I am not a sun sneezer. Given that fact, I know I don’t carry even a single copy of the sun sneezer allele. My husband is a sun sneezer. This means he must have at least one copy of the dominant PSR allele. But does he have one copy of the dominant allele or two?
He only has one. How do I know? No, I didn’t have his DNA tested with a commercial kit. I just used what I know about genetics to figure it out. You see, my older son is a sun sneezer while my younger son is not. The only way for our younger son to not be a sun sneezer is for him to have two copies of the recessive allele. I know that he inherited the recessive allele from me, because that’s the only allele I had to pass down. The other copy of the recessive allele had to have come from his father. Therefore, my husband has one copy of the dominant allele and one copy of the recessive allele.
You may remember Punnett Squares from your Biology class. Here, I’ve made two Punnett Squares in order to demonstrate the alleles my husband carries for the gene responsible for PSR. The Punnett Square on the left assumes that my husband has two copies of the dominant S allele. If that were the case, all of our children would have been born sun sneezers.
The Punnett Square on the right assumes that my husband has a copy of both the dominant and recessive alleles. In this scenario, we see that every time we have a child, there is a 50% chance that the child will be a sun sneezer and a 50% chance that he won’t. That’s exactly what happened! With an understanding of genetics and heredity, we can use our observable traits to work backwards to determine what genes we have. (Incidentally, as seen in the second Punnett Square, we can know that my older son has the same alleles as his father while my younger son has the same alleles as I do).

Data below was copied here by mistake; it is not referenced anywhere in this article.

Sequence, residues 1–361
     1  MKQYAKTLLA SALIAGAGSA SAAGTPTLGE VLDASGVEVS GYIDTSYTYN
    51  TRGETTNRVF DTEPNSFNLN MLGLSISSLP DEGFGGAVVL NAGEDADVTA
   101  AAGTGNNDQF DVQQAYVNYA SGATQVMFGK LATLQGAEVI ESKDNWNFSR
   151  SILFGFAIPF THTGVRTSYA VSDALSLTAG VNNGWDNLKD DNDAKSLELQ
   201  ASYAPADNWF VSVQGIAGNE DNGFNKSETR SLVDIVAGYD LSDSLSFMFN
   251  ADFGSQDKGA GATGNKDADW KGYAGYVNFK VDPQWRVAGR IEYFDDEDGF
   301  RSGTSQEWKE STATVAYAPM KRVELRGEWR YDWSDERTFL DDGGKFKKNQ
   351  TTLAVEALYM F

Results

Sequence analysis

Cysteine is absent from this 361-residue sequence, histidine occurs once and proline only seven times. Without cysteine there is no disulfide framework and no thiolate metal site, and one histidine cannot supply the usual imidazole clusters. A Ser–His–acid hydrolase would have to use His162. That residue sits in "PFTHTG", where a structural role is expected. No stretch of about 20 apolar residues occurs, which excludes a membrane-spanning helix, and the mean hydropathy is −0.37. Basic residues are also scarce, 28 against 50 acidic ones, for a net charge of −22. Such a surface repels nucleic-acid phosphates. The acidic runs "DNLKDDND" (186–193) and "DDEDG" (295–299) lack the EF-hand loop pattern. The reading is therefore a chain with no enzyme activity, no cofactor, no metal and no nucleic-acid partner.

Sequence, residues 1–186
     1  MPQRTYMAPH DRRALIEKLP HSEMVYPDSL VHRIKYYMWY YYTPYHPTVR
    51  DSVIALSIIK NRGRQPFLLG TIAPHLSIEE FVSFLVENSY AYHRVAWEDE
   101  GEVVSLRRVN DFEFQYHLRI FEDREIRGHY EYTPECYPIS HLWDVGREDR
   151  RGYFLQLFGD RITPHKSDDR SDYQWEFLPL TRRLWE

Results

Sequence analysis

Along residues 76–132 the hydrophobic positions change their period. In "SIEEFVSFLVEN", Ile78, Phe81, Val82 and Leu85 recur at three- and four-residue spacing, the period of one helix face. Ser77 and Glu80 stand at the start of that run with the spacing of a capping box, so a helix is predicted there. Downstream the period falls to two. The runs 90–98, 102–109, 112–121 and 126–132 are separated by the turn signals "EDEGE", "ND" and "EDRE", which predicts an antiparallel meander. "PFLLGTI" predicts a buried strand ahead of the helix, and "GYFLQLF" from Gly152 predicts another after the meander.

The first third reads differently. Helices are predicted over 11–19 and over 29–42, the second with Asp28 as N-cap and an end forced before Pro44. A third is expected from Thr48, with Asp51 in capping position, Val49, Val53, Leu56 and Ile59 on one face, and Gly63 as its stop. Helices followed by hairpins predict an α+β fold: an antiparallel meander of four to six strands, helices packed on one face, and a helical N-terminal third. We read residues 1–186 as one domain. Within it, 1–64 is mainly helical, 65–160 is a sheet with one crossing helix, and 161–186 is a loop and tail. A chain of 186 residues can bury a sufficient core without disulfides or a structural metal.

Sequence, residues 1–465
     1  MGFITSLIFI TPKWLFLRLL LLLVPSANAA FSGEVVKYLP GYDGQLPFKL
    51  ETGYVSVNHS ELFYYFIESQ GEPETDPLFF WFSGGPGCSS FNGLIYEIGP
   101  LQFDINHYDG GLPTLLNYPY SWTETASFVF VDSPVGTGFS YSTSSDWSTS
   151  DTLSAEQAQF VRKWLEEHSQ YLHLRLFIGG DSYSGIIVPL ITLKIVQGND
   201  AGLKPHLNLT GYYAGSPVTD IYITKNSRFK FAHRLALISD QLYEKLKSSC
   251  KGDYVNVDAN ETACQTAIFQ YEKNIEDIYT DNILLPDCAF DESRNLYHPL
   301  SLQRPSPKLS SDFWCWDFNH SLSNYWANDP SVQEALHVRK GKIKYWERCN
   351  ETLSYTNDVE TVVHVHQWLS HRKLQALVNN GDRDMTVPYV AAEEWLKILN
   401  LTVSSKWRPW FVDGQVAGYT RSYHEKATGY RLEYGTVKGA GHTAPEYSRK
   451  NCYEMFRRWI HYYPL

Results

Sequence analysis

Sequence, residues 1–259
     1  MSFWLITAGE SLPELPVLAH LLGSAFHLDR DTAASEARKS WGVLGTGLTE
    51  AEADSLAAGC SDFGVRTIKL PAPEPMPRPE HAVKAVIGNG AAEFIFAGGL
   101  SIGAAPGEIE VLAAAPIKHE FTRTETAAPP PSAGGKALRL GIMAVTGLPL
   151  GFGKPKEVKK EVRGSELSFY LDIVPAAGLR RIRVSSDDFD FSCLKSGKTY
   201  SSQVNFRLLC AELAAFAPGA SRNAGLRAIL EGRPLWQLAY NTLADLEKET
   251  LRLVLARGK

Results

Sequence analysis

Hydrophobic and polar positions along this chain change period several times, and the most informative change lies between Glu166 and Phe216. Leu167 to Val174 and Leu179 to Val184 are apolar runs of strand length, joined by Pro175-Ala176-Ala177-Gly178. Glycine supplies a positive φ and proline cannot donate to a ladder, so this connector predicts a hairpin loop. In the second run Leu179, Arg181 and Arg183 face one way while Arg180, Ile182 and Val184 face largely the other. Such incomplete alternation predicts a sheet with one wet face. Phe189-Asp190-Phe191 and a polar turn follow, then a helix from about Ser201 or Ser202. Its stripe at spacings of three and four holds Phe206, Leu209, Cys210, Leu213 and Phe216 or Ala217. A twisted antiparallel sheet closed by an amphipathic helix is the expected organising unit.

What about you? Are you a sun sneezer? Are there sun sneezers in your family? If so, perhaps you can use what you know to “peek inside” the genes of your family to determine what alleles you carry. There are many traits you can do this with (handedness, the ability to taste PTC, whether or not you can roll your tongue, and many more).
Subscribers to my Science Simplified newsletter will receive a free Personal Genetic Trait Survey in the coming weeks that they can use to explore their genetics. And if you or your students would like to learn more about the fascinating topic of genetics, you may be interested in my course Genetics and Heredity. In it, students learn the difference between genotype and phenotype and the principles which govern Mendelian and non-Mendelian Inheritance. Learn about the genetics of human blood types, sex-linked traits, why we only inherit mitochondrial DNA from our mothers, and so much more! To learn more, click here.
*This isn’t the case for genes carried on the X chromosome. Males only receive genes carried on the X chromosome from their mother. As a result, males only have one copy of genes carried on the X chromosome. This is the basis for sex-linked traits.